GOP border bill still includes controversial asylum language

  • A COVID-19 era immigration policy is set to expire soon
  • Lawmakers have been debating which steps to take now
  • House GOP members say they came up with 'strongest' border laws in history

(NewsNation) — House Republican leaders are planning to bring border legislation to the House floor in May that, if passed, gives the Homeland Security secretary the power to halt all legal asylum claims if DHS deems there to be a crisis at the border.

NewsNation partner The Hill reports that the package being proposed brings together two bills: one that includes severe restrictions on asylum-seekers from the Judiciary Committee, and another from the Homeland Committee that would require completing former President Donald Trump’s border wall.

Judiciary Committee Chairman Jim Jordan, R-Ohio, confirmed to NewsNation on Thursday the controversial asylum language is included in the bill, although added that he doesn’t think current DHS Secretary Alejandro Mayorkas would use that authority.

While GOP House leadership tells NewsNation all Republicans are on board with this provision of the bill, moderates are telling a different story.

Two House members told NewsNation they still have issues with the asylum language, and can’t support the bill yet, including Florida Rep. Carlos Gimenez.

“The asylum piece is an issue for certain members like myself,” Gimenez, a Republican, said. “There can’t be a total prohibition on asylum, even when you’re full.”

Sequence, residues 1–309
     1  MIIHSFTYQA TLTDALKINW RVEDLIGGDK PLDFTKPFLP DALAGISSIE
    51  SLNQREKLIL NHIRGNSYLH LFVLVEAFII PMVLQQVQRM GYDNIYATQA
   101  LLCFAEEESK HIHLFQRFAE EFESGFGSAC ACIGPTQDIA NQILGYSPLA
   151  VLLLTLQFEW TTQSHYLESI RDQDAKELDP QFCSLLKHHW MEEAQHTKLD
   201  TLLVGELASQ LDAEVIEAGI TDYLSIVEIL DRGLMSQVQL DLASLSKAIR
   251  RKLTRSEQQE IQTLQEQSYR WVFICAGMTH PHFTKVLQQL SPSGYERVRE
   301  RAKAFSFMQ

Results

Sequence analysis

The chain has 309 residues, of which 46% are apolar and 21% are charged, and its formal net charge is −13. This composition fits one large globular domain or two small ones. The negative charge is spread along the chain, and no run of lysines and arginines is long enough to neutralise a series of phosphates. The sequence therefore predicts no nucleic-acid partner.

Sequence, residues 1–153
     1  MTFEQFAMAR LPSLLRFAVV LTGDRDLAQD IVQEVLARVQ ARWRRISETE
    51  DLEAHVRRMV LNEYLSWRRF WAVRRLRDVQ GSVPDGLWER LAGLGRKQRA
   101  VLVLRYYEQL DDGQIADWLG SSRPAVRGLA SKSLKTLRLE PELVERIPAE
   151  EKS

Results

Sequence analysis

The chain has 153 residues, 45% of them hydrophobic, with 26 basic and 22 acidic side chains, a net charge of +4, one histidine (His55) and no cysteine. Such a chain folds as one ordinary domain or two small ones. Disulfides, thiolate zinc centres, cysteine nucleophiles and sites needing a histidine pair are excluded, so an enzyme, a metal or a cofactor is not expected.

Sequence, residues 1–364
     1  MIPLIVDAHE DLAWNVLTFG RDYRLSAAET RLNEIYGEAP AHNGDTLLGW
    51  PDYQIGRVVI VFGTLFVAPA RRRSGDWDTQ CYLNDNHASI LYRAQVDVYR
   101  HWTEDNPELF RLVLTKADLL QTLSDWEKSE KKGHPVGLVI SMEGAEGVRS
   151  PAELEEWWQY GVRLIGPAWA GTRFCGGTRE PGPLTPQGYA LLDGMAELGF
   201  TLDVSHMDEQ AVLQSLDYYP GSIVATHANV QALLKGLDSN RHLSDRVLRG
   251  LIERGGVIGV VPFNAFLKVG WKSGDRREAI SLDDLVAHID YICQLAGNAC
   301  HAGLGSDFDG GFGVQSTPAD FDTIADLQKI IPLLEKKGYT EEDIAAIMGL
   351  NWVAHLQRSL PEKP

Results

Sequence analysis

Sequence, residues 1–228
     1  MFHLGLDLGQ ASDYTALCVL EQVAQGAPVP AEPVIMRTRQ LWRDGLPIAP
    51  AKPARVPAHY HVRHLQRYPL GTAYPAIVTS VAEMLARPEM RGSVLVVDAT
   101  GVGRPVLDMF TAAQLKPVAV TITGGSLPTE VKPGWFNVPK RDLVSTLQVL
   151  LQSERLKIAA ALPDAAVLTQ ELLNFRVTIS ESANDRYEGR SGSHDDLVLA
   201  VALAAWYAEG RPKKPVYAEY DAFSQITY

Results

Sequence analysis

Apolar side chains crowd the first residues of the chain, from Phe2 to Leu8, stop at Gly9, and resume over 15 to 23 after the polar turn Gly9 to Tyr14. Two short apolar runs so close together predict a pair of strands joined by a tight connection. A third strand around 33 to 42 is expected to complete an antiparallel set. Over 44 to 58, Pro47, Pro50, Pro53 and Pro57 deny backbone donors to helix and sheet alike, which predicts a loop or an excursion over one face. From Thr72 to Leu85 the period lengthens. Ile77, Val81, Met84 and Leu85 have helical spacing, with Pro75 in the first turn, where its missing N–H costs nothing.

At a news conference Thursday, lawmakers said they are confident that a border security package they plan to bring to the floor in just a few weeks will pass.

“We put together what we believe is the strongest immigration enforcement legislation ever,” Jordan said at the conference.

The Judiciary panel bill’s asylum proposals, according to The Hill, would allow the Department of Homeland Security to prohibit the entry of noncitizens who could present a public health threat until full “operational control” of the border is achieved. However, this proposal was criticized as it relies on a statutory definition of operational control that requires zero illegal entries of migrants and zero smuggling, which is widely seen as unrealistic.

Other parts of the bill reinstate family detention, including for minors; limits who can qualify for asylum; and raises penalties for visa overstays, per The Hill.

The Homeland Committee’s Border Reinforcement Act, meanwhile, blocks a Biden administration move that allows citizens from Nicaragua, Venezuela, Cuba and Haiti to apply for temporary entrance to the U.S. through the CBP One app from U.S. Customs and Border Patrol.

The bill would block the use of that app for anything other than commercial purposes, The Hill reported.

While The Hill notes that the legislation would represent a significant change in immigration policy, a Democratic-led Senate isn’t likely to approve it.

This all comes as Title 42, a COVID-19-era border policy, is set to end.

Title 42, which expires May 11, was a provision in the 1944 Public Health Service Act allowing the federal government to ban people from entering the country in the case of a pandemic. In March 2020, as infections began to rise from the coronavirus, the Centers for Disease Control and Prevention enacted the rule under former the Trump administration.

Officials say, though, that security will be maintained as they go back to processing migrants under Title 8.  With Title 8, those who cross the border unlawfully are subject to criminal consequences, such as deportation and a five-year ban on reentering the United States.

“Let me be clear: Our border is not open, and will not be open after May 11,” Mayorkas stressed at a news conference Thursday, where officials outlined their own plans for after Title 42.

Border Report

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